Because the language of the statute is ambiguous as to whether GERA protects against retaliation, under Chevron we defer to the EEOC's interpretation unless it is "arbitrary, capricious, an abuse of discretion, or otherwise not consistent with law." Chevron, 467 U.S. at 844, 104 S.Ct. 2778. After careful evaluation, we conclude that the EEOC's interpretation of GERA is reasonable and not contrary to GERA's purposes,6 and therefore, we join our sister circuits in recognizing that § 2000e-16b(a)(1) of GERA includes protection against retaliation on the basis of race, color, religion, sex, or national origin, within the meaning of Title VII.
We turn next to the Board's contention that by interpreting GERA to include a right against retaliation, and issuing 29 C.F.R. § 1603.102 to implement this interpretation, the EEOC impairs the right of state subdivisions to manage and oversee personnel matters within state governments, thereby contravening the Tenth Amendment's reservation to the states of powers not delegated to the United States. U.S. Const. amend. X. Although the Board does not contest congressional authority to provide a right against retaliation under GERA, the Board contends that the EEOC's interpretation of the statute in the face of congressional ambiguity contravenes the Tenth Amendment because Congress must make a plain statement of intent when its legislation affects a state's control over its officers and agents under Article I. See Gregory v. Ashcroft, 501 U.S. 452, 460-461, 111 S.Ct. 2395, 115 L.Ed.2d 410 (1991).
We review constitutional challenges to a statute de novo. United States v. Bolton, 68 F.3d 396, 398 (10th Cir.1995). As stated by the Supreme Court, the Tenth Amendment "is essentially a tautology" requiring us to determine "whether an incident of state sovereignty is protected by a limitation on Article I power." New York v. United States, 505 U.S. 144, 156-157, 112 S.Ct. 2408, 120 L.Ed.2d 120 (1992); see also Kansas v. United States, 214 F.3d 1196, 1198 (10th Cir.2000).
* In Kansas we described the required Tenth Amendment analysis as follows: "[t]hese claims are essentially mirror images of each other: if the authority to act has been delegated by the Constitution to Congress, then it may act pursuant to Article I; if not, the power has been reserved to the states by the Tenth Amendment." Kansas, 214 F.3d at 1198. If Congress has authority under, for example, the Commerce Clause or section 5 of the Fourteenth Amendment, to pass a particular Act, we will not rule that the Act contravenes the Tenth Amendment. In addressing this issue in Fitzpatrick v. Bitzer, the Court stated:
There can be no doubt that [our precedent] has sanctioned intrusions by Congress, acting under the Civil War Amendments, into the judicial, executive, and legislative spheres of autonomy previously reserved to the States.... When Congress acts pursuant to § 5, not only is it exercising legislative authority that is plenary within the terms of the constitutional grant, it is exercising that authority under one section of a constitutional Amendment whose other sections by their own terms embody limitations on state authority.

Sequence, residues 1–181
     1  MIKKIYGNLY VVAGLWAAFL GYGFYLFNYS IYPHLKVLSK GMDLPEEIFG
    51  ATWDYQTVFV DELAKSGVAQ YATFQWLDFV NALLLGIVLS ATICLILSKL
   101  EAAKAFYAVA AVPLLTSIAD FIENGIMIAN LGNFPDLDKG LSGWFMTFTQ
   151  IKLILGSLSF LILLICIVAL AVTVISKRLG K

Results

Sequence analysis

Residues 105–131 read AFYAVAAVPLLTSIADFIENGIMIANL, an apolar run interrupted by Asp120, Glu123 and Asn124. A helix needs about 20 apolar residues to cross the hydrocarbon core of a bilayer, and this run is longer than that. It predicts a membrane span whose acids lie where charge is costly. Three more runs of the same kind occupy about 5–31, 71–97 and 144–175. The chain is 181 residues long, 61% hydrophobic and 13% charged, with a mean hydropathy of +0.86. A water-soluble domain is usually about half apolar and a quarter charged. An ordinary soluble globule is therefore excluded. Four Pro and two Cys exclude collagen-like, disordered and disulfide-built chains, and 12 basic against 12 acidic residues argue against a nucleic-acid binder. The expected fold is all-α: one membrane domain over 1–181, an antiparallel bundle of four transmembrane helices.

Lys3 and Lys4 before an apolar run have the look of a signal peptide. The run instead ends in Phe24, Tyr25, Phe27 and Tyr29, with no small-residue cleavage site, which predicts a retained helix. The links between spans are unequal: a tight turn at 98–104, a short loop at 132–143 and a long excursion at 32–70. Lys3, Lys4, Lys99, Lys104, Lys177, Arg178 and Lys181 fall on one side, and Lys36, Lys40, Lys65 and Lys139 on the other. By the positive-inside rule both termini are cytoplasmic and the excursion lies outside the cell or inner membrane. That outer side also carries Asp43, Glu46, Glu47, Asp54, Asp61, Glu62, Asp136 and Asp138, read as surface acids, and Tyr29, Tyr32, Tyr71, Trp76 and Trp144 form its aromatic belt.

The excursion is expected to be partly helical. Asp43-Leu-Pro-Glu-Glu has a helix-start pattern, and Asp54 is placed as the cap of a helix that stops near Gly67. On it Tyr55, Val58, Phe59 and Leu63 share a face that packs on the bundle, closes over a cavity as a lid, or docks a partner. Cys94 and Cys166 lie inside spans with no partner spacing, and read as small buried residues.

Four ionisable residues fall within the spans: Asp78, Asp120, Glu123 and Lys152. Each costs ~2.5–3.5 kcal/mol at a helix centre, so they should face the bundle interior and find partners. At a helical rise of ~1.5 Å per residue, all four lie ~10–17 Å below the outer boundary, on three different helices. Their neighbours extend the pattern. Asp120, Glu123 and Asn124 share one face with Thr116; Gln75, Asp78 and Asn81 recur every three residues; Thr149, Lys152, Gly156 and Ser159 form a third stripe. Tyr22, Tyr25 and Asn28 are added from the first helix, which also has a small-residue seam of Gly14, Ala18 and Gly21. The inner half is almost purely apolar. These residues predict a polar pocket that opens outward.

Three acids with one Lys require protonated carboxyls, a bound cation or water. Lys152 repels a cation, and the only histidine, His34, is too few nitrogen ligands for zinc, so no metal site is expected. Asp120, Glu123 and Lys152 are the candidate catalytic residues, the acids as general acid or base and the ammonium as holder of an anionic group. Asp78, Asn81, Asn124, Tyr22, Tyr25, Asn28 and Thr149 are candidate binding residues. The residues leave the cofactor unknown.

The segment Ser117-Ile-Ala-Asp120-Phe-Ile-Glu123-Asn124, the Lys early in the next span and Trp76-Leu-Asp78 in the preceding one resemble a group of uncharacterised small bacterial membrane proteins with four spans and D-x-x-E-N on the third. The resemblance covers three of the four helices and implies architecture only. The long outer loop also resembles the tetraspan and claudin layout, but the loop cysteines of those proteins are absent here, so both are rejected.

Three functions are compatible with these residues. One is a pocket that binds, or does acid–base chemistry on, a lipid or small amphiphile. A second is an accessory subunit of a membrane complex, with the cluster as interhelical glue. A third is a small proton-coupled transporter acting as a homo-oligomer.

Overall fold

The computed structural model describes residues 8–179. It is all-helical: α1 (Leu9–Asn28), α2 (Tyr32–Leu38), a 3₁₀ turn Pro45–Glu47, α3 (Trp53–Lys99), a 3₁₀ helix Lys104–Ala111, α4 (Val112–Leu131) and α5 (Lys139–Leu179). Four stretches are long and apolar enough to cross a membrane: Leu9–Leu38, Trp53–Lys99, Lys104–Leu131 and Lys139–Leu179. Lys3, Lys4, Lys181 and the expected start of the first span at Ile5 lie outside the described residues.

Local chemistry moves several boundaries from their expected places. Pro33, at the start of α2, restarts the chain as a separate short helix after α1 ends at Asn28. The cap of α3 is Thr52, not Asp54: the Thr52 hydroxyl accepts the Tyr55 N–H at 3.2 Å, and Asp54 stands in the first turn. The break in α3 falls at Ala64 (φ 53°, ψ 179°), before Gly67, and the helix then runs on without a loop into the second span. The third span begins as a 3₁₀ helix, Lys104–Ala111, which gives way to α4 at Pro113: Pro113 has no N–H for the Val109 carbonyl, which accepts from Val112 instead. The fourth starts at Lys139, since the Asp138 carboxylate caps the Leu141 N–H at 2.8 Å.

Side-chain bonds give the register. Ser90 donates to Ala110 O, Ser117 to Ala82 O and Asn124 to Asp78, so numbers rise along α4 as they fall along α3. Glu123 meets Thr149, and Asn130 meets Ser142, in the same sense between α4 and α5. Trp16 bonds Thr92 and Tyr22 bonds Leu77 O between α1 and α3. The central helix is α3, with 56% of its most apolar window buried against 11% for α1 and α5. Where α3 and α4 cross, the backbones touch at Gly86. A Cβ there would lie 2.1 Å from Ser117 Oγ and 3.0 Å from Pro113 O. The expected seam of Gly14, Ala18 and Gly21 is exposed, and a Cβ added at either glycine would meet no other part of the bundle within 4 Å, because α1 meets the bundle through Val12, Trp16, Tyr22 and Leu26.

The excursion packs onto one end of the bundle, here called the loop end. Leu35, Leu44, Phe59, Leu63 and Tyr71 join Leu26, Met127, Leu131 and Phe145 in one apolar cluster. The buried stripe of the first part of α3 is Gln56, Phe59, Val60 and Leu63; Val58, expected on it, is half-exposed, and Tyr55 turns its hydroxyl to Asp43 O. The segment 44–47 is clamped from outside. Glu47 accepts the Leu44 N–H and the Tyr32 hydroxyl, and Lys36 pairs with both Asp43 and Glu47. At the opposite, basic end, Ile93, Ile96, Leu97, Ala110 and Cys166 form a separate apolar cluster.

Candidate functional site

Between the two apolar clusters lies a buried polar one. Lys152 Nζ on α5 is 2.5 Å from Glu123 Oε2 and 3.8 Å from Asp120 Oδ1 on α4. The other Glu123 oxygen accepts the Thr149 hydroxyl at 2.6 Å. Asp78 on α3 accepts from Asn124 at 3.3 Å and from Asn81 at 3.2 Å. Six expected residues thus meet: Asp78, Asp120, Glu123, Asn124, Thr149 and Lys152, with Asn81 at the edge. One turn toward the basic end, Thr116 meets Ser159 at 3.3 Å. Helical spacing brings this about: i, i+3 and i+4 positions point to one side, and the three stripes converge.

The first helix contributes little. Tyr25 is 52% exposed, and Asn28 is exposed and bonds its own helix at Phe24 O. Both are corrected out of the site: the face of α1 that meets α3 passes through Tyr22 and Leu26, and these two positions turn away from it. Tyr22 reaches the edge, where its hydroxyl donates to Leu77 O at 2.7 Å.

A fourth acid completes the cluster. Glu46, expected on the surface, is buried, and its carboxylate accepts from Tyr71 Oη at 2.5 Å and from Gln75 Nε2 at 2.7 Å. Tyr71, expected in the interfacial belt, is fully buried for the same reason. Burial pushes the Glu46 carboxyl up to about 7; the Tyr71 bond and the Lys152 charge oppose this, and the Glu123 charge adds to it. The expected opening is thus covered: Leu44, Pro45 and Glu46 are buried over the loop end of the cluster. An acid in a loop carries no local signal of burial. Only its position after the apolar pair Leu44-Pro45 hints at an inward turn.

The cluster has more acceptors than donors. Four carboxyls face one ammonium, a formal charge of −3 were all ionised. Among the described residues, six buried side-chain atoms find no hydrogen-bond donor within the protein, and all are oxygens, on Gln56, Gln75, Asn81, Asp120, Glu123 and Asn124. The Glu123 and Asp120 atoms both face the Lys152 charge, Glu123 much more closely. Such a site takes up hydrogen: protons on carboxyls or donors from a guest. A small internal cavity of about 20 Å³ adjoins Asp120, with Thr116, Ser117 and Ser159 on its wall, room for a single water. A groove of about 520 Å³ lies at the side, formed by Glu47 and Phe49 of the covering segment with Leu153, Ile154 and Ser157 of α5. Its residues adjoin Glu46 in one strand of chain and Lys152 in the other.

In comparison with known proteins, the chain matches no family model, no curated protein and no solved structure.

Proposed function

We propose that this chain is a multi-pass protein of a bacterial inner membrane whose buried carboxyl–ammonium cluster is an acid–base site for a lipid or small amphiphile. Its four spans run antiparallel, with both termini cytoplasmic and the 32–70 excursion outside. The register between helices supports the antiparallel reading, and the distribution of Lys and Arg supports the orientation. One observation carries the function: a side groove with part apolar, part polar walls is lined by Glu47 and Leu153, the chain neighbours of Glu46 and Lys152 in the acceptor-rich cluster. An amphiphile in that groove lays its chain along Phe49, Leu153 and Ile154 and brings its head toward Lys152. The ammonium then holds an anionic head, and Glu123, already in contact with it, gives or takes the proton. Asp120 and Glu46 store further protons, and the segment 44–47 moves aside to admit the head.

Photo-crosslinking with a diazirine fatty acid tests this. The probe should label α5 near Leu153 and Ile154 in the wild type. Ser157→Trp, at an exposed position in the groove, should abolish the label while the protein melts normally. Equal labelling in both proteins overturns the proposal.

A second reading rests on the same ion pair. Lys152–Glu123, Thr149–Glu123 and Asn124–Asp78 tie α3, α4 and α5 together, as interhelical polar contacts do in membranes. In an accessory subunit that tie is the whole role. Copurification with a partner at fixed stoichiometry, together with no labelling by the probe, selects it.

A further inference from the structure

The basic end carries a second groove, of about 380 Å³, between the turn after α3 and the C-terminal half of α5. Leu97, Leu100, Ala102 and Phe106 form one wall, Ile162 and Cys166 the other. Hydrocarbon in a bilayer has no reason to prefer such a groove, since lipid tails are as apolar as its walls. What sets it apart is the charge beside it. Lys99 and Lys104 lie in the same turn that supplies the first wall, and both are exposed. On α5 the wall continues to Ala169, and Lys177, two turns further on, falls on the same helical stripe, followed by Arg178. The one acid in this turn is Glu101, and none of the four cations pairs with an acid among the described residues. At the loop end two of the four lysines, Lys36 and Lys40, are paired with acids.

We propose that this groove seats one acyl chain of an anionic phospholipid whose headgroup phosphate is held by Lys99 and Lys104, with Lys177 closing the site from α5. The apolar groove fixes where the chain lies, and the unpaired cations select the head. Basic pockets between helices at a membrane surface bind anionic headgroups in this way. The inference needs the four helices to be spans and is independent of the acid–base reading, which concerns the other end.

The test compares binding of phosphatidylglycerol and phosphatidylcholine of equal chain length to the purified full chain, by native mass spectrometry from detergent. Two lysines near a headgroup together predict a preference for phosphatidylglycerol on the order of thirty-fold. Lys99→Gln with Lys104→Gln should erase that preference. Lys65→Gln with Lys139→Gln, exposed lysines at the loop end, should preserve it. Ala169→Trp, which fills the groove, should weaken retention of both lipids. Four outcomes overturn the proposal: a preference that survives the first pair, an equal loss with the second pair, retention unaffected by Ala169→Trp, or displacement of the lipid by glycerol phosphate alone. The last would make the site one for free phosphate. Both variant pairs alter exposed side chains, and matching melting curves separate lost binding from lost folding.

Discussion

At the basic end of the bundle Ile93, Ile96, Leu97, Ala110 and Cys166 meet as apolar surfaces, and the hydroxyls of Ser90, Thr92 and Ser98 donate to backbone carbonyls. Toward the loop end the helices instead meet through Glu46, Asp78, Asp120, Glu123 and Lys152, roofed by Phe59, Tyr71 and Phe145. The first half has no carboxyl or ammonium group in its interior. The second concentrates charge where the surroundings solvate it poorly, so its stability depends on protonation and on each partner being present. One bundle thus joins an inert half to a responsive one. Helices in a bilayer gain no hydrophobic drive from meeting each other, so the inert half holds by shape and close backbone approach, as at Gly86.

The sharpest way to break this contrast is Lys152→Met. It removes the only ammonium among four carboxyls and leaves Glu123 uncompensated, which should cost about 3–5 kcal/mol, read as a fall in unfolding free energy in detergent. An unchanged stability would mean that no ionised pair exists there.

427 U.S. 445, 455-456, 96 S.Ct. 2666, 49 L.Ed.2d 614 (1976); see also City of Rome v. United States, 446 U.S. 156, 179, 100 S.Ct. 1548, 64 L.Ed.2d 119 (1980). In Gregory, the Supreme Court reiterated that "the principles of federalism that constrain Congress' exercise of its Commerce Clause powers are attenuated when Congress acts pursuant to its powers to enforce the Civil War Amendments." 501 U.S. at 468, 111 S.Ct. 2395. In analyzing whether Congress has acted pursuant to its Fourteenth Amendment powers, we have stated:
The Supreme Court has admonished that we should not quickly attribute to Congress an unstated intent to act under its authority to enforce the Fourteenth Amendment. In heeding this admonition, we agree with the Sixth Circuit's conclusion that if Congress does not explicitly identify the source of its power as the Fourteenth Amendment, there must be something about the act connecting it to recognized Fourteenth Amendment aims before it is appropriate to characterize legislation as passed pursuant to the Fourteenth Amendment.
Aaron v. Kansas, 115 F.3d 813, 817 (10th Cir.1997) (internal quotations and citations omitted).
Because Congress did not recite its purposes in legislating the specific provisions of GERA concerning state employees, we have scant legislative history to assist us in interpreting § 2000e-16b(a)(1).7 However, because GERA's language concerning previously exempt state employees is identical to that in Title VII's exclusion, we may accord substantial weight to the legislative history of the cognate Title VII provision in construing § 2000e-16b and 2000e-16c. See Gregory, 501 U.S. at 489, 111 S.Ct. 2395 (Blackmun J., dissenting); see also Lorillard v. Pons, 434 U.S. 575, 584, 98 S.Ct. 866, 55 L.Ed.2d 40 (1978); Trans World Airlines, Inc. v. Thurston, 469 U.S. 111, 121, 105 S.Ct. 613, 83 L.Ed.2d 523 (1985); Oscar Mayer & Co. v. Evans, 441 U.S. 750, 756, 99 S.Ct. 2066, 60 L.Ed.2d 609 (1979); EEOC v. Vermont, 904 F.2d 794, 798 (2d Cir.1990).